Unfortunately, there is a big crowd on the hill. The wind is gusting and changing direction. We need a calm, gentle headwind to safely launch and land. There are 10 gliders up on the hill all vying for a turn at the precise moment the wind is right–we can launch only one at a time. Plus, the morning ground school has now joined us on the hill to try to get their first flights in, adding 8 additional students and 3 more gliders. But there are only short windows to launch in and everyone must launch into a headwind, so things slow way down as we take turns waiting for the wind to cooperate.
We stand-by as Gordy holds another trainee poised for take off, waiting for the wind to calm down. When it does, it changes direction. The student moves from one side of the hill to the other to try to catch a headwind. Then the wind changes again. This switching of direction slows the whole process down even more. It’s not easy to move from one side of the hill to the other with a 90+ pound wing on your back in gusting winds. Even more troublesome, the gliders start lifting off the ground on their own when the windspeed gets too high. We start having trouble keeping gliders on the caddy coming up the hill. First one flips in the wind, then another.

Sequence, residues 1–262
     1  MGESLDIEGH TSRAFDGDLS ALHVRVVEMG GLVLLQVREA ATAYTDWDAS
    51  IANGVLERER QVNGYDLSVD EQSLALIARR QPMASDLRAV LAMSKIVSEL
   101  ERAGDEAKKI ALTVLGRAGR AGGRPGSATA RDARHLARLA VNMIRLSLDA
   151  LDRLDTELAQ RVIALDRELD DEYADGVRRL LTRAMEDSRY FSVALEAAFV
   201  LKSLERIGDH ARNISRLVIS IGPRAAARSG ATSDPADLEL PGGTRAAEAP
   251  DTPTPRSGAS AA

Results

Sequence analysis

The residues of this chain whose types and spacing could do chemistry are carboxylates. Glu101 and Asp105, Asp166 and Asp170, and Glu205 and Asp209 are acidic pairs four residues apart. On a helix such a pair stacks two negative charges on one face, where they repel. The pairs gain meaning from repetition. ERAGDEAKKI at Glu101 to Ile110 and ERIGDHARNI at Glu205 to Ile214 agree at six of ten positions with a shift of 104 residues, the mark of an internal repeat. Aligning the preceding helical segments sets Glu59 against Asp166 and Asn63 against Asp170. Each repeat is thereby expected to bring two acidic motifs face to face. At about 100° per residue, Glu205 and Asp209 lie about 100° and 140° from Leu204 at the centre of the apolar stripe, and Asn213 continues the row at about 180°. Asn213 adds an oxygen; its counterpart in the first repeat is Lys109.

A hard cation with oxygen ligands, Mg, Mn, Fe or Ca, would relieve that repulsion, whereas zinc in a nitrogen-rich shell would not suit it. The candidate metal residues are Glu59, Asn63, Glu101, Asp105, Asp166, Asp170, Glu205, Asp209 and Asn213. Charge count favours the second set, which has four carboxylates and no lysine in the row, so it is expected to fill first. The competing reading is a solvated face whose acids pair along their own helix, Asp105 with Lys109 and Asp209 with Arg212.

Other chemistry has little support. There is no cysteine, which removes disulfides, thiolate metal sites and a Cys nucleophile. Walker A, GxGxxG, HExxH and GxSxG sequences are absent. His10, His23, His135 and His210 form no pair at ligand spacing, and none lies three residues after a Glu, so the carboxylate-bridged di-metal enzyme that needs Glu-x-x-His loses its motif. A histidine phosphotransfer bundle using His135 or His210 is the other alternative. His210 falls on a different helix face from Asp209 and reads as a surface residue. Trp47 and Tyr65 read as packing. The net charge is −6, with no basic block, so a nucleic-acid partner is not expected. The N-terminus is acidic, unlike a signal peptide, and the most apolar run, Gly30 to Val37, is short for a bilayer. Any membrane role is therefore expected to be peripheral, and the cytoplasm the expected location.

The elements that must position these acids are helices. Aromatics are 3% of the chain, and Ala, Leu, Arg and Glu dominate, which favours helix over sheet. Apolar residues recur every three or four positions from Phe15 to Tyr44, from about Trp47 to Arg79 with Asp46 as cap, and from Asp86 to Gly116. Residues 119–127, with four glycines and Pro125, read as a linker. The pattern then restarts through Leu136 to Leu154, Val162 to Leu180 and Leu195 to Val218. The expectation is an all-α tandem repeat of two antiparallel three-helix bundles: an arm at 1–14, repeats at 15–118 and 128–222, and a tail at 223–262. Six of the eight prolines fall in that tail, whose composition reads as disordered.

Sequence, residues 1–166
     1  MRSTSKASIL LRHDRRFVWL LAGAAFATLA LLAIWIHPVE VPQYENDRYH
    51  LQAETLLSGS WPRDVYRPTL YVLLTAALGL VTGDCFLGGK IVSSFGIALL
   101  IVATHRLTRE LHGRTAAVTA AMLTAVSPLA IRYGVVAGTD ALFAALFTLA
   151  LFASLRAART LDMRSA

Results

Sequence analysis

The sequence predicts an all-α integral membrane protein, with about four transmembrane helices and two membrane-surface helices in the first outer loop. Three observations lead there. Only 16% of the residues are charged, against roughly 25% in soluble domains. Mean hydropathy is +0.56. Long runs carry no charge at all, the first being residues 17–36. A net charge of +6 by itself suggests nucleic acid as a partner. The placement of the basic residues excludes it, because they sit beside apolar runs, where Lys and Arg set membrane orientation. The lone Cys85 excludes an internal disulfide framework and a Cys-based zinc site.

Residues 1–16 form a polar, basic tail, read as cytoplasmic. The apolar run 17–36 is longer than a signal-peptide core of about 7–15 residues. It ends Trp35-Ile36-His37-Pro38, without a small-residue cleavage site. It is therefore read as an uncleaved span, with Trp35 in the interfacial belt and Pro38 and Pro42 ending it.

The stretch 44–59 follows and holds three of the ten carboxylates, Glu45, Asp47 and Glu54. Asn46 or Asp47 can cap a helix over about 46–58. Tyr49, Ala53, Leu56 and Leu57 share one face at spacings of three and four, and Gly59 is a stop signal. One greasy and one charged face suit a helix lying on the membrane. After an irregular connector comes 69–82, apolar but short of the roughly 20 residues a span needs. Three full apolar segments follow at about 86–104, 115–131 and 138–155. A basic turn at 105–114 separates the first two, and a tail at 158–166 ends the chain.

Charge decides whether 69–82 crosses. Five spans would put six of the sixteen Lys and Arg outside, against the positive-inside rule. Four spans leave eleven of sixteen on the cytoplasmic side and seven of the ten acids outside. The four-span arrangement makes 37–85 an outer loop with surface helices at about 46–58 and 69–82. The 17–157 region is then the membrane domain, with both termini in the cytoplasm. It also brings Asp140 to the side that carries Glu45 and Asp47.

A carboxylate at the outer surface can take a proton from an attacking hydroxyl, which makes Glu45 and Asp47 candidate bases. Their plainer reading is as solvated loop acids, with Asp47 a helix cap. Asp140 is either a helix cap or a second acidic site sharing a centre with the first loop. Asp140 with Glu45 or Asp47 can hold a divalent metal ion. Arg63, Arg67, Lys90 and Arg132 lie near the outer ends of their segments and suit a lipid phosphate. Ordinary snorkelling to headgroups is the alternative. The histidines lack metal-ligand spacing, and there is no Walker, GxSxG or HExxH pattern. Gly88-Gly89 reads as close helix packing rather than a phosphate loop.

Between gusts of wind, Gordy manages to launch a few more students. However, as I get on deck, I watch an experienced student in front of me get caught in a crosswind that causes one wingtip to catch the ground as she runs down the hill. The glider goes airborne, spins, and then drops her on the ground hard. She is OK. She didn’t get high enough into the air to get seriously hurt, although I supposed she could have twisted an ankle or something easily enough given that she wasn’t launched yet.